As the daylight hours become shorter in the late autumn, the bees consolidate the brood chamber. The queen lays fewer eggs and the brood is confined to the middle frames. The remaining frames are filled with honey for winter survival.
The queen starts laying again from about mid august onwards and as the new bees hatch out in the next month or so, the hive population increases. In suburban conditions the bees are often able to collect nectar during winter and don’t use up much of the stored honey in the brood nest. If honey has not been extracted in late summer and the super on top of the brood box is also full of honey, the hive can be thought of as ‘honey bound’.
This is the classic scenario for swarming.
So what does the backyard beekeeper do about this?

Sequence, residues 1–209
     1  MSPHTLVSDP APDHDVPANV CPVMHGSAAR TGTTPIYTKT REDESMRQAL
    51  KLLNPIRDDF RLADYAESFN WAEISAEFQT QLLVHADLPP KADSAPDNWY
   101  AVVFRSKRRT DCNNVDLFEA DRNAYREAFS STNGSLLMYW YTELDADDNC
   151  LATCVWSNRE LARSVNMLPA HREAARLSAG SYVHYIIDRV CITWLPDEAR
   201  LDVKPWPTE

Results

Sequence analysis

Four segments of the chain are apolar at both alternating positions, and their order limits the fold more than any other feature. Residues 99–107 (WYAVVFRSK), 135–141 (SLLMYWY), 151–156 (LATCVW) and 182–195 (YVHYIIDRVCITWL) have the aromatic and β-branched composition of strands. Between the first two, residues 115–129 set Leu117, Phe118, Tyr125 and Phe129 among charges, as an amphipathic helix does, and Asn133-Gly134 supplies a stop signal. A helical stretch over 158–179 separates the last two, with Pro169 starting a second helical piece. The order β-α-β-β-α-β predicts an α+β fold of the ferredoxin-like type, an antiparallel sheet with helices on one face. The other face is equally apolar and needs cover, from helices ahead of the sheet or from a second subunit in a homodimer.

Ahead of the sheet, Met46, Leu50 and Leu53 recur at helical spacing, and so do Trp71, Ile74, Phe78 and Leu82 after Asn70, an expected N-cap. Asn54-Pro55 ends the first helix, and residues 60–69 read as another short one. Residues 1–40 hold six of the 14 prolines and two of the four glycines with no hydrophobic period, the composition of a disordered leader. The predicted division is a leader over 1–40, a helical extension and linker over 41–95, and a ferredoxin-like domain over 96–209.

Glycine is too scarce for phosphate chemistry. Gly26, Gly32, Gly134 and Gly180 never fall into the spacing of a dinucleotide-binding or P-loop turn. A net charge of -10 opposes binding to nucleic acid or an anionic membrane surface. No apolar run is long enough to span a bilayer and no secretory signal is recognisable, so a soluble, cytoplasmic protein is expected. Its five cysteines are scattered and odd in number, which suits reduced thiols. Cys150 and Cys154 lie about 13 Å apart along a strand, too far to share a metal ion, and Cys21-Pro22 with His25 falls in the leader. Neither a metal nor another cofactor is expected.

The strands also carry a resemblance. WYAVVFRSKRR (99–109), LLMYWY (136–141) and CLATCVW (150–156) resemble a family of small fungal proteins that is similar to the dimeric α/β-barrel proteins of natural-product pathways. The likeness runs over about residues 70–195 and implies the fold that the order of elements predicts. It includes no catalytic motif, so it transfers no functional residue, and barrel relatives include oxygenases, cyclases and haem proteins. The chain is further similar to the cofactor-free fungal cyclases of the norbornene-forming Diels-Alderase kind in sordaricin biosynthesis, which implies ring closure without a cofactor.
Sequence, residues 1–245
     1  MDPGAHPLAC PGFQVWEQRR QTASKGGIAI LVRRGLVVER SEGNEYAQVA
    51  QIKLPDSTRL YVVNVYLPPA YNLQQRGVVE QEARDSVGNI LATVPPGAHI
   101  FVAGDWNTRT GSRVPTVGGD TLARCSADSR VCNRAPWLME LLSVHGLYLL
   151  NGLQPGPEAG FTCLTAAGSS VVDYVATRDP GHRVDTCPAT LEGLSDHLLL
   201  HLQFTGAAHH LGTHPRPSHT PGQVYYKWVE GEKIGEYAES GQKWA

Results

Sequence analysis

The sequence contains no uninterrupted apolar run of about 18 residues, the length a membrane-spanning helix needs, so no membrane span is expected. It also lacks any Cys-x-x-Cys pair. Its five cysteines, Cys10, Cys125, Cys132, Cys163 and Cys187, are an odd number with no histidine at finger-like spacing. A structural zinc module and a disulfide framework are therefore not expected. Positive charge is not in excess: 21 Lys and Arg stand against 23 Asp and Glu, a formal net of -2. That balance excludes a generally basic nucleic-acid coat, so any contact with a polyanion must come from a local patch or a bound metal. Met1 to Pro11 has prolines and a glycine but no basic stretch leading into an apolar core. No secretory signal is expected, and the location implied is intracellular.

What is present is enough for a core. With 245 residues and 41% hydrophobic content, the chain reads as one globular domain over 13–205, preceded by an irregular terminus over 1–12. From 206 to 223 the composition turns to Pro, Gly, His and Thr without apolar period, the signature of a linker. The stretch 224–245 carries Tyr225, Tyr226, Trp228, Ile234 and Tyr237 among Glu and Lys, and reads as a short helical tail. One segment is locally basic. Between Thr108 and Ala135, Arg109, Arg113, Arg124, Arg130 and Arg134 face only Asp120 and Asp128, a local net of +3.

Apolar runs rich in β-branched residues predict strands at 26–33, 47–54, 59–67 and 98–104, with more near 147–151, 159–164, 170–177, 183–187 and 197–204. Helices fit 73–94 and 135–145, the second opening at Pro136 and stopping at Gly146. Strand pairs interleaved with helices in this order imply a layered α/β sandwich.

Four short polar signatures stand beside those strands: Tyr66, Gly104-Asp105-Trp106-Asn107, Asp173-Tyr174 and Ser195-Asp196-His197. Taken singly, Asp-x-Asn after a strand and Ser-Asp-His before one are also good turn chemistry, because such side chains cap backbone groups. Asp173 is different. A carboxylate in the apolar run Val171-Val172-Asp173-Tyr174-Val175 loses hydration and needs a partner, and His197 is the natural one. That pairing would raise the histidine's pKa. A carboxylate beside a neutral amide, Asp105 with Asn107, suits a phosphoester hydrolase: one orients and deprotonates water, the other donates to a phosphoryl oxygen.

On a warm mid to late September day the outside honey frames in the brood box are raised above the excluder and replaced by a mix of frames of newly drawn out worker cells and frames of foundation. If there is room in the super the honey frames from below should be placed above the excluder so that there are sufficient stores to ensure that bees don’t starve if there is a sustained cold snap in a classic case of the ‘spring dwindle’.
Giving the queen more room to lay is the result and giving the bees work to do by drawing out foundation gives you a better chance of avoiding a loss of at least half of your worker bees.